The Committee also failed to distinguish between history teachers and social studies teachers. The terms "social studies teacher" and "history teacher" are used as though they were synonymous in chapter eight. This is "muddy thinking" or no thinking at all. The investigation was to concern American history and not social studies. It is quite possible that in actual practice the history teacher is the social studies teacher, or the social studies teacher gives the history courses; but if the investigation was to concern inadequate teaching of history, that subject should have been differentiated from other factors so far as possible. The failure to make this distinction may be a fundamental reason for the inadequacy of history teaching. It is surprising that a committee which contained a number of distinguished historians should have made this error. Indeed, it may justify a question as to the part played by the historians in the preparation of the report. It tends to prove the lack of wisdom in bringing the educators and the Council of the Social Studies into the investigation. The recommendations for improving the teachers are for social studies teachers, not history teachers. It is very easy to see that the requirements for teaching civics, sociology, or economics may be very different from the teaching of history, but the Committee showed no realization of this fact. Indeed, the difficulty of trying to be well informed in many subjects may be an important reason why a teacher is poorly prepared to teach history.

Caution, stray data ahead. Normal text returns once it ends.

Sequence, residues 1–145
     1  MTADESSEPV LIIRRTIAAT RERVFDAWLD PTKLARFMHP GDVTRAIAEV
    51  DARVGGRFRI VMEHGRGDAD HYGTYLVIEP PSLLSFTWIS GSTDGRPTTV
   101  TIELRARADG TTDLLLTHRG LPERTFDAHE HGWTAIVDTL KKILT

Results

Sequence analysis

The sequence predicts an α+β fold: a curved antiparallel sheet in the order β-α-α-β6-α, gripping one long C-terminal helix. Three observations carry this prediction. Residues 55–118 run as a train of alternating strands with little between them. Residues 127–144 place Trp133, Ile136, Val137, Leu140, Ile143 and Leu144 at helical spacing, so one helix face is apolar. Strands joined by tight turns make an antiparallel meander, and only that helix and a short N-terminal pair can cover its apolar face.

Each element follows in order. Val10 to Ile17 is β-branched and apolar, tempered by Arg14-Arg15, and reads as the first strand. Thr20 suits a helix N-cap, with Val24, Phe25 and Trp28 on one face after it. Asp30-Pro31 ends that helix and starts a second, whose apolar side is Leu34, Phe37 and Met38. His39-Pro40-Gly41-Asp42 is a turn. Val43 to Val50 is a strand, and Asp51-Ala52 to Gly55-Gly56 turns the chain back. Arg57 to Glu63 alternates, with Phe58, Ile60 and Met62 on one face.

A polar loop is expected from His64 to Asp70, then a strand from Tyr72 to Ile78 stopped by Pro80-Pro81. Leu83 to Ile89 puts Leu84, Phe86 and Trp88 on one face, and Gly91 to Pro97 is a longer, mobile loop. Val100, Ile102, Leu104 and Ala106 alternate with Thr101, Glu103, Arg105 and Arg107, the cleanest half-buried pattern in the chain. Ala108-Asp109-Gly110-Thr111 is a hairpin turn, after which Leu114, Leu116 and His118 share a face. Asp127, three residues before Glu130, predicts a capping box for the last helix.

There is also a failure to distinguish between history and tradition or between facts and myths in the fourth chapter, entitled "History Beyond the Classroom." The author of this chapter indicates that historical information, sometimes accurate and sometimes not, may be gained from the press, novels, motion pictures, plays, radio programs, libraries, historical societies and museums, monuments, pageants, speeches, family and community traditions, and place names. Caution is suggested and some of the problems connected with these agencies are briefly stated. But are works of history ever read by anyone after leaving the classroom ? Why do publishers publish the works of Albert J. Beveridge or Claude G; Bowers ? Wouldn't the chapter have been more satisfactory if more emphasis had been placed upon the reading of substantial history and less upon newspapers, novels, motion pictures, and the radio ? No wonder the Committee's test indicated that a large percentage thought that Thomas Jefferson helped to frame the Constitution of the United States. A radio commentator had said so.